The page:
By Darla Shelden
City Sentinel Reporter
OKLAHOMA CITY, OK – On Monday, April 6, a federal district judge in Oklahoma granted a temporary restraining order at the request of the Center for Reproductive Rights, Planned Parenthood Federation of America and Dechert LLP, allowing providers to continue abortion services.
Oklahoma Gov. Kevin Stitt issued an order on March 24 requiring all elective surgeries and minor medical procedures be postponed. He included abortion services in a press release, saying the order prohibited abortions in the state.
Monday’s ruling allows medication abortions to resume in the state, along with abortion procedures for patients who would be pushed beyond the gestation limit for care.
Federal district Judge Charles Goodwin wrote, in his decision, that the state of Oklahoma, “has acted in an ‘unreasonable,’ ‘arbitrary,’ and ‘oppressive’ way—and imposed an ‘undue burden’ on abortion access—in imposing requirements that effectively deny a right of access to abortion.”
Orders like these have forced some patients to travel hundreds of miles in a pandemic just to access basic and essential health care, according to Nancy Northup, president and CEO of the Center for Reproductive Rights.
“The court has stopped Governor Stitt from exploiting this devastating pandemic as a weapon in his battle to ban abortion,” said Northup, “Abortion is time-sensitive, essential healthcare. Women in Oklahoma are again able, for the time being, to access abortion care in their state at a time when travel is even more challenging.”
Julie Burkhart, founder and CEO of Trust Women said, “It’s a huge relief that we can start seeing patients again, at least for now. We hope the court will keep the ban blocked so our patients aren’t forced to travel to other states to find abortion care at a time when travel is risky and discouraged.”
“Though this is a relief for patients, they should have never had to wait for a judge to rule before accessing the time-sensitive care they needed. Gov. Stitt is wasting valuable time and resources using the COVID-19 pandemic to score political points,” said Alexis McGill Johnson, acting president and CEO, Planned Parenthood Federation of America. “To politicians and anti-abortion groups playing political games amid a pandemic, let this be a lesson to you that we won’t allow you to put our patients and the community at risk.”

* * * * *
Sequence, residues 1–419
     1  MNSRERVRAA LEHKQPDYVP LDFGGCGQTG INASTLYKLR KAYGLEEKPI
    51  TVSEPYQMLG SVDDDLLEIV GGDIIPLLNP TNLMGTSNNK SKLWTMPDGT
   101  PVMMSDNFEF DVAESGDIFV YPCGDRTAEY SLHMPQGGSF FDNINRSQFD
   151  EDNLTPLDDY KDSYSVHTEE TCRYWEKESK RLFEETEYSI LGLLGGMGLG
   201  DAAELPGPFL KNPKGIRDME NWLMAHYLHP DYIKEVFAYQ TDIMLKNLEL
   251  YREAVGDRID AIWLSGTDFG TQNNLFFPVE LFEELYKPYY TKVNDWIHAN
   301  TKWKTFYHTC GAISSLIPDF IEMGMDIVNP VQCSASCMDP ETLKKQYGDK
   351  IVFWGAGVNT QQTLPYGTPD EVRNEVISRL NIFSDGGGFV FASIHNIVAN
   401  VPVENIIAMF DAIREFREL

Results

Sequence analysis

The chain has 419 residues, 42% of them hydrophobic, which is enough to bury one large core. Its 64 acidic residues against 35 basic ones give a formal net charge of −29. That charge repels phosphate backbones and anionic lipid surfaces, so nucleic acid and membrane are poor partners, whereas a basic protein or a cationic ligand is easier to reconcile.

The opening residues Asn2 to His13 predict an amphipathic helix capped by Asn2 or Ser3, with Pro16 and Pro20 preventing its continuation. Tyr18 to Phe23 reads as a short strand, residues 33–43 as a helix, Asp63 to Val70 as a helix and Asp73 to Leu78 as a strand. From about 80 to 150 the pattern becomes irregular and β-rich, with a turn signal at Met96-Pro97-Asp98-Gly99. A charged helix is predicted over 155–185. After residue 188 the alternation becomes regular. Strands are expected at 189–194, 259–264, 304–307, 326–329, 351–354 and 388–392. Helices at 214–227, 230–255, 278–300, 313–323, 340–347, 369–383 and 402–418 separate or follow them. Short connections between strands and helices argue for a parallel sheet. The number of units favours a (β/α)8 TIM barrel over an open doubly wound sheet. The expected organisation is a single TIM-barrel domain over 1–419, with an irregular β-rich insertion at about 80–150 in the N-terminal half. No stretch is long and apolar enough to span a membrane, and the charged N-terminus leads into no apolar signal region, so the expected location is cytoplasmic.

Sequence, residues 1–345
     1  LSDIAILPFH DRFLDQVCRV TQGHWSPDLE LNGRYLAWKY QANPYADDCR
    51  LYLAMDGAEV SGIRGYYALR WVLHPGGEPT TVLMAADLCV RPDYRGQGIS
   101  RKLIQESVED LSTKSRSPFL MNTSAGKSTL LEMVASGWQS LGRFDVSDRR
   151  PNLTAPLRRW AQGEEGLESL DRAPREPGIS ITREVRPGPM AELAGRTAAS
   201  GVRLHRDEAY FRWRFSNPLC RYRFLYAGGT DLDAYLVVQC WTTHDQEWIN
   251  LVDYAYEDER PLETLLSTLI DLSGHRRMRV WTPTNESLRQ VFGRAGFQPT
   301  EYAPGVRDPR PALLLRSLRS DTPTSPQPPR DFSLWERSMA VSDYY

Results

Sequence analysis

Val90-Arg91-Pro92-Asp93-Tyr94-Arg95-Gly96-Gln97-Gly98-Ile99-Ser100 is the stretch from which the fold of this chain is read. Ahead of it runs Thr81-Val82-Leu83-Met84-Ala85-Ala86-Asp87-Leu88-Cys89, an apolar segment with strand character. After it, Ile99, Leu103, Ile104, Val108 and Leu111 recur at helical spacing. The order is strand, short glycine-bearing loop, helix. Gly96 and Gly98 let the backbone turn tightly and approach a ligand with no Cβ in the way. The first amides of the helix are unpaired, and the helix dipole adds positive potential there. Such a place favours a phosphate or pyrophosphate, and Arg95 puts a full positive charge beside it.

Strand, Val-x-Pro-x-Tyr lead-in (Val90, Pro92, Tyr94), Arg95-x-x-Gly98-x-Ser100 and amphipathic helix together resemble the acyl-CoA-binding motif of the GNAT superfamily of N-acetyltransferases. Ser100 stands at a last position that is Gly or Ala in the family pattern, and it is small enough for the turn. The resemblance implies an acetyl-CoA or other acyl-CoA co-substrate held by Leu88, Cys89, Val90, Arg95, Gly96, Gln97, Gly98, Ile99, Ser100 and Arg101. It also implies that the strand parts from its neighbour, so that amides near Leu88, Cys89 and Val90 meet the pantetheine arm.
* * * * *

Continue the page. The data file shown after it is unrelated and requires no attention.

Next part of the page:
“Planned Parenthood is committed to ensuring that every person is able to get the essential health care they need,” McGill Johnson continued. “But the same cannot be said for Gov. Stitt. Planned Parenthood will work day by day, week by week to safeguard the ability of patients and the community to access essential health care, no matter what.”
Leading medical organizations like the American College of Obstetricians and Gynecologists and the American Medical Association (AMA) have opposed these attempts to restrict abortion during the pandemic.
“At this critical moment and every moment, physicians – not politicians – should be the ones deciding which procedures are urgent-emergent and need to be performed, and which ones can wait, in partnership with our patients,” the AMA stated,
“Today’s ruling is important because our patients need and deserve access to abortion care,” said Brandon Hill, Ph.D., president and CEO of Comprehensive Health of Planned Parenthood Great Plains.
“Abortion is an essential and time-sensitive medical procedure that should not be caught in the crosshairs of political agendas—especially during this public health crisis,” Hill added. “Access to health care is a basic human right, and every person deserves care that gives them control over their own bodies, lives, and futures.
“Planned Parenthood Great Plains will always be there for our patients. We will do everything in our power to ensure access for patients who need sexual and reproductive health care, including access to abortion,” Hill said. ”Oklahoma is not the first state to attempt to ban abortion during the COVID-19 pandemic.”
The Center for Reproductive Rights is challenging several other abortion restrictions in Oklahoma, including: a ban on the use of telemedicine to provide medication abortion service; a law that forces patients to delay their abortion care for at least 72 hours after receiving certain state-mandated information; a “physician-only” law that bans certain medical professionals from providing medication abortion service; and a ban on an often-used method of abortion after approximately 14 weeks of pregnancy.
This lawsuit was filed by T.J. Tu with the Center for Reproductive Rights, along with Planned Parenthood Federation of America, pro-bono counsel Dechert LLP, and local counsel Blake Patton of Walding & Patton PLLC. Plaintiffs in the case are Trust Women—an abortion provider with clinics in Oklahoma and Kansas—Dr. Larry Burns, and Comprehensive Health of Planned Parenthood Great Plains—which provides abortion services in Oklahoma and Kansas.
“Legislators were called into a special session today to approve Gov. Stitt’s Catastrophic Health Emergency Act for the first time in state history,” said Tamya Cox-Touré, Regional Director of Public Policy and Organizing for Planned Parenthood Great Plains Votes. “The legislature will also have to approve tapping into the Rainy Day fund to fill the $416 million revenue shortfall the state is facing. The hope still is that the Legislature will address these budget issues and adjourn.”
The judge’s decision can be read here.